The number of scanned Google books is probably well over 30 million+ but scanning had slowed down considerably especially in USA academic libraries. Google is making steady progress of digitization several million volumes a year. Google estimates that there are probably about 130 million unique books in the world and intends to scan all of them by 2020.

Searching fulltext of books

Search the full text of Books at Google Book Search http://books.google.com/books

  • Find books and discover new ones online;
  • Booksearch works like web search; search Google Book Search or Google.com. When books with content contain a match, a link to it will be given.

Browse books online

  • If books are out of copyright, the publishers grant permission, you'll see a preview of the book, and in some cases the entire text. If it's in the public domain, download a PDF copy.
  • Google has created reference pages for every book to quickly find relevant information: book reviews, web references, maps, etc.

Books signify culture

In the monograph "Google and the Myth of Universal Knowledge: A View from Europe" Jean-Noël Jeanneney, President of the Bibliothèque nationale de France critiques the Google Book project. With a foreword from Ian Wilson, Librarian and Archivist of Canada, the book is well-argued and places Google's project as a form of cultural politics and hegemony. However, Google's push to digitize has motivated the digitization of European print culture. Google Books provides an important building block of the digital future - so why the fuss?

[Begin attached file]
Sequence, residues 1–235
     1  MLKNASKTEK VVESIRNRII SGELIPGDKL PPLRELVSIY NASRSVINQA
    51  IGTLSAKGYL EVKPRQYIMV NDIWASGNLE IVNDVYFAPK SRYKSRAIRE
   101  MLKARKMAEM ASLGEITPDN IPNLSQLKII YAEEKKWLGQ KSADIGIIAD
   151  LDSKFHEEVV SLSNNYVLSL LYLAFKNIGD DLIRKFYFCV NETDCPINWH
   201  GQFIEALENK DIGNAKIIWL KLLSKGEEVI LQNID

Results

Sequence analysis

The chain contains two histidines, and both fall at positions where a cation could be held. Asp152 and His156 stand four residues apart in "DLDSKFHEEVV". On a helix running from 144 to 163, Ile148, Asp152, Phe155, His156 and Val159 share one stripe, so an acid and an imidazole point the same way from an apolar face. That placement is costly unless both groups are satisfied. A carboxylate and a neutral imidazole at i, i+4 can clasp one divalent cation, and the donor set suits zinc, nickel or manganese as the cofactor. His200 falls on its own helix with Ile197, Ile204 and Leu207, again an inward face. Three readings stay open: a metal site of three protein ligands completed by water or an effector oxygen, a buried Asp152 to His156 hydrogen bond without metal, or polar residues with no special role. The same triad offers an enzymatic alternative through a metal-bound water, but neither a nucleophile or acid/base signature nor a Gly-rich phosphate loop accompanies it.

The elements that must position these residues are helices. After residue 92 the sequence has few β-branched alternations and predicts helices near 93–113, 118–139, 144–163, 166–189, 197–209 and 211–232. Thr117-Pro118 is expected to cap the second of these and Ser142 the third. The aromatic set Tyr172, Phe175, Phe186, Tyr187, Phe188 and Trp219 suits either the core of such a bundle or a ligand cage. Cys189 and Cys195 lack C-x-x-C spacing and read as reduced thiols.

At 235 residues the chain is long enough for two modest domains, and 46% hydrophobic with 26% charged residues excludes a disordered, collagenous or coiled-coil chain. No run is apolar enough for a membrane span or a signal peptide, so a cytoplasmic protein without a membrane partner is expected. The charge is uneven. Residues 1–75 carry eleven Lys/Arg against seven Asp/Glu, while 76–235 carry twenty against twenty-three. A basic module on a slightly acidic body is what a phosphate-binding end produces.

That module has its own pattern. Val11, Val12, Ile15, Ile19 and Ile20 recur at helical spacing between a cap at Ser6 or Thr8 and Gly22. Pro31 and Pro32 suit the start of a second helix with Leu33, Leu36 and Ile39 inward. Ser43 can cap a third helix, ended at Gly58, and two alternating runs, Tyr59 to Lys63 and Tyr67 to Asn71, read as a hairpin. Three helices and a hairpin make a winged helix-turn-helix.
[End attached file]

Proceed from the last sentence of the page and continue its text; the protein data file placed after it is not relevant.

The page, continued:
When Google announced its plans to digitize the world's knowledge (15 million books from five major research libraries in the US and UK), Jeanneney responded with "When Google Challenges Europe" in Le Monde. His 'cri du coeur' became a book which was published as Quand Google défie l'Europe: Plaidoyer pour un sursaut. Even President Chirac endorsed his views and called for France to take leadership in book digitization. Jeanneney's cultural "call to arms" prompted increases in international collaboration in book digitization to counter what some see as the risks posed by Google. Jeanneney presides over one of the largest book digitization projects at the BNF <http://gallica.bnf.fr/>. He has been instrumental in mobilizing France and the national librarians of Europe to increase book digitization, launch a European Digital Library, and fund creation of an R&D program for search technologies.